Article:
Bowles-Eye View · Thomas Bowles · Monday February 4, 2008
It's been nearly two weeks since Brian France spoke the words that made everyone covering NASCAR do a double take.
"We're going to minimize change the best we can," he said of the upcoming season ahead. "“Change is good to a certain point - but we’ve done all the changing we think the sport can stand, and now we want to build on that. And that means getting back to basics.”
With that, on the eve of the 50th Daytona 500 the NASCAR brass finds itself in the midst of pondering a change in direction, working on a future that's based on history they only recently chose to rewrite. The path to reconnect the two won't be easy - now without the guiding hand of Bill France, Jr. to lean on for advice and support, the powers that be will have a far more difficult time figuring out just what those "basics" really are. After all, Brian France has made so many adjustments to the format of how the series works, it's hard to even tell the NASCAR of 2002 from the one we have just six years later.
Sometimes, even the most hardcore of longtime fans forget what that was like, how the sport worked then compared to how it functions now. That's why it's important to take a breath, think back, and remember what exactly "getting back to basics" means on the eve of a season critical to halting NASCAR's decline.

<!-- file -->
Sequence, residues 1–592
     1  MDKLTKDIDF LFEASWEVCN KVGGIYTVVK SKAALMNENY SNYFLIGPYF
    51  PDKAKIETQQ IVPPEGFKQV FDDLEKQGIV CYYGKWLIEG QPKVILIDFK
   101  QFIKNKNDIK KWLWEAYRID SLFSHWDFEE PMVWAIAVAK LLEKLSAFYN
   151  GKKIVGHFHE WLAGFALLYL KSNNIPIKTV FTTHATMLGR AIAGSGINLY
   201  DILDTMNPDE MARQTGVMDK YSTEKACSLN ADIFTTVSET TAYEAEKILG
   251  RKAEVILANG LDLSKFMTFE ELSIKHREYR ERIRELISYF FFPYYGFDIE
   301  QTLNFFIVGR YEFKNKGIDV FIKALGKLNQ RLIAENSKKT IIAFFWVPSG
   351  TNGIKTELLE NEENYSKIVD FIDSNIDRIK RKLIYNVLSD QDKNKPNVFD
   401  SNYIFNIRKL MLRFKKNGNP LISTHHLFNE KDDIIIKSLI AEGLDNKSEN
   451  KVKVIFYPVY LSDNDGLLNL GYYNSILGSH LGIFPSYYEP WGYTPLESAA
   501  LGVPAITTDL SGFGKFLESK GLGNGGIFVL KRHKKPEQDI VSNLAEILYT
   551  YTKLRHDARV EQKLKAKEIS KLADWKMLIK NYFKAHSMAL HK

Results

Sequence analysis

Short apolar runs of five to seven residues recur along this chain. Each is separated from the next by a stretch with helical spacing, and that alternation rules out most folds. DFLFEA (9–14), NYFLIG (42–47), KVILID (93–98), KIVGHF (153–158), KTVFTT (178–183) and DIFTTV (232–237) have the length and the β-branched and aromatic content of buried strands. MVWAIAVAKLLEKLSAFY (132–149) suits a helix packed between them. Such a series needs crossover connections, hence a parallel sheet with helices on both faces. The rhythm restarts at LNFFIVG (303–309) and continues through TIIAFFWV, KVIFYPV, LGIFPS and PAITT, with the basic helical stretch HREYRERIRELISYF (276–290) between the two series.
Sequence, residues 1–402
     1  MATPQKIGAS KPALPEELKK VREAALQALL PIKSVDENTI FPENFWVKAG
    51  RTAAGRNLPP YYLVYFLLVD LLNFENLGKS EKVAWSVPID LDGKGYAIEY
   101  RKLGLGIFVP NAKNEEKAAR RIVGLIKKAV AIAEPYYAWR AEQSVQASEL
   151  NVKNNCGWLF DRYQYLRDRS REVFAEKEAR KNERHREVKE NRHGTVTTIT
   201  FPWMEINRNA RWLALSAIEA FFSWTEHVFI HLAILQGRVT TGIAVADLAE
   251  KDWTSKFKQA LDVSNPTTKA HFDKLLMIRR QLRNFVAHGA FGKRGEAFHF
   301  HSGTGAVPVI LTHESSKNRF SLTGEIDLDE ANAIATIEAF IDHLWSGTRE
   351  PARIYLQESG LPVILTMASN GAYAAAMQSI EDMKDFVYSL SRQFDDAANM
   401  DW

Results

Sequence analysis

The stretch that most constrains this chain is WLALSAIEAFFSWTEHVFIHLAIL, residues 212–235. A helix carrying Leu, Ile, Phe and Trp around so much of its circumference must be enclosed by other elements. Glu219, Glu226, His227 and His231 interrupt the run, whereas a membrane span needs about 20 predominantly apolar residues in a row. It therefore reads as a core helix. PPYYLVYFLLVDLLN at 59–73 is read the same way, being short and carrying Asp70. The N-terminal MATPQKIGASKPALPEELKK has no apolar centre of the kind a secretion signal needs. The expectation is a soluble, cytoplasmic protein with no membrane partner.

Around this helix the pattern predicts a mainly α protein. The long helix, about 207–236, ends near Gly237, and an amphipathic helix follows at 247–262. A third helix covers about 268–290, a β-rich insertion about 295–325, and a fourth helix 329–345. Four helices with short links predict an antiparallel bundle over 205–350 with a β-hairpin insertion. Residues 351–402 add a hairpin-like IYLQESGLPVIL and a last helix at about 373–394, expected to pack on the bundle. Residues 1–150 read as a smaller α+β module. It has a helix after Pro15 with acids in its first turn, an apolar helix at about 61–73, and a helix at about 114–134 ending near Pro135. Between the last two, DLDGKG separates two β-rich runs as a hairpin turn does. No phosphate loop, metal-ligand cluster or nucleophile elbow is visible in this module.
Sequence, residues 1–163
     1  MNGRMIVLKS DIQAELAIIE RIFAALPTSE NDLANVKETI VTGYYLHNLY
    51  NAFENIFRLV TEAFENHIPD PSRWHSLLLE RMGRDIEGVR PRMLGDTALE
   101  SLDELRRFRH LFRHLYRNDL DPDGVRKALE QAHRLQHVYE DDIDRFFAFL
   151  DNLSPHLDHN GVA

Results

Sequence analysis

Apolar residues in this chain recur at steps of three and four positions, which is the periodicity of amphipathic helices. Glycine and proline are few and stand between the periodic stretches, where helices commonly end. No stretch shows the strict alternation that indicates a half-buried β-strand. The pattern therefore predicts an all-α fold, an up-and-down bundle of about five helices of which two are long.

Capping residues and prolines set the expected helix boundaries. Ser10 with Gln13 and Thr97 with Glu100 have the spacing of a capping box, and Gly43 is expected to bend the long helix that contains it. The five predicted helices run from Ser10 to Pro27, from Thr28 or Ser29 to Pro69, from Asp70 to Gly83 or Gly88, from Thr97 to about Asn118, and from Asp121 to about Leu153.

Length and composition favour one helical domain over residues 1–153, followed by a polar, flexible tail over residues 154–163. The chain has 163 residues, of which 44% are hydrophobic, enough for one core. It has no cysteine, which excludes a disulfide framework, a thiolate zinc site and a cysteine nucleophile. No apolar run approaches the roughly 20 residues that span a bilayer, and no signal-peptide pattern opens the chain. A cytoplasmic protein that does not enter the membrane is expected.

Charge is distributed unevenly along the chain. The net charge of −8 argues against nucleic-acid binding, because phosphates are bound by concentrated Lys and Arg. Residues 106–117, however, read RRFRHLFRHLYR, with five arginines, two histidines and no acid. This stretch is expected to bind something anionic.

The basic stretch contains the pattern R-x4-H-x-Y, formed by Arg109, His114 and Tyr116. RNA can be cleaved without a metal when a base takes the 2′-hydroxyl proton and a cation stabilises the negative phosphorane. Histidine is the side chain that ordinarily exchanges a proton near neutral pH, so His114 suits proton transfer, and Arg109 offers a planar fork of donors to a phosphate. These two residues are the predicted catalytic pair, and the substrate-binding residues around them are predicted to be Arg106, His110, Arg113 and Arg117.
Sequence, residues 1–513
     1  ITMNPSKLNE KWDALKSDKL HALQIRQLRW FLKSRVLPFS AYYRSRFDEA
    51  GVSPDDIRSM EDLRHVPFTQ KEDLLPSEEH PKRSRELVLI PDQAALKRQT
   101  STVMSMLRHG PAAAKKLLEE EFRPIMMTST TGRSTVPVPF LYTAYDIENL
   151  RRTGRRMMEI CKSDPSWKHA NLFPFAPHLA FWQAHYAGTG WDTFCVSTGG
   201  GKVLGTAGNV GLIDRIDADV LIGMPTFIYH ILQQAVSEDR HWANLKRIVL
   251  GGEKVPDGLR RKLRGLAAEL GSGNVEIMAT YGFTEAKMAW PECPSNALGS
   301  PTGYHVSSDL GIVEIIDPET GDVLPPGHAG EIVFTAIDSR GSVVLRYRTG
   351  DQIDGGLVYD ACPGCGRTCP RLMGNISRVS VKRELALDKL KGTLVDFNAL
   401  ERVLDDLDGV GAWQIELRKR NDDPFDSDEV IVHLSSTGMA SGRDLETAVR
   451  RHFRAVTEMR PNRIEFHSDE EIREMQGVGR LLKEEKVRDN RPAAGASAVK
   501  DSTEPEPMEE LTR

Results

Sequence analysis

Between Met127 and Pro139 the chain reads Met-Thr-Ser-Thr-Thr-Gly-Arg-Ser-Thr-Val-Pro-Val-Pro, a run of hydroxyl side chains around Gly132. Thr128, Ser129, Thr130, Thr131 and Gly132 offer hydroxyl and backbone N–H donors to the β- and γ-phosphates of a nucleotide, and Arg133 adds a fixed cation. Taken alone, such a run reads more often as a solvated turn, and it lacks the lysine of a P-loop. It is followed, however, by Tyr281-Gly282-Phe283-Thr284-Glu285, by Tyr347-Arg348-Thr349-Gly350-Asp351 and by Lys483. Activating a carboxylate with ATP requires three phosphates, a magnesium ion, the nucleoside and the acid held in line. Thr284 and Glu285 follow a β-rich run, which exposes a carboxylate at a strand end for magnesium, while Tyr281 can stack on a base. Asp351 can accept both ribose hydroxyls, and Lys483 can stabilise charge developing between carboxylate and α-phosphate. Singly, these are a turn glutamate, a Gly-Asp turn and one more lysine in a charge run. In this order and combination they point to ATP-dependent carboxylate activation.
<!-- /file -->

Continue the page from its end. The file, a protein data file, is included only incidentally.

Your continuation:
For in the beginning, it all starts with a dream.
Every year at Daytona, over four dozen drivers and teams show up because of their passion to achieve it. Sure, there's money, there's points, and even pride on the line; but at the end of the day, teams are at Daytona because all they want is their hands on a trophy they haven't stopped thinking about since almost every single one of them were five. And through that youthful desire, the Great American Race embodies a Great American Spirit; with hard work and the right combination under their belts, every member of every crew truly believes their car get to the front and take the checkered flag at the end of 500 miles.
Of course, the chances for the privileged prove far better than those without. Over on one side of the garage, Rick Hendrick Motorsports heads to the starting grid with all their ducks in a row and the expectations befitting of a reigning champion. With solid financial backing, one of the best four-driver lineups the sport has seen in quite sometime, and a line of engineers that would make Lockheed Martin blush, the team is more than prepared - they're entrenched as favorites here for years to come. For them, making the field is already predetermined; Speedweeks is simply about putting themselves in position to win. Along those same lines, other high-dollar car owners roll into town already focused on the ultimate task at hand; Joe Gibbs Racing, Roush Fenway Racing, and Richard Childress Racing all take the shortcut, not the long road ahead to potential Victory Lane.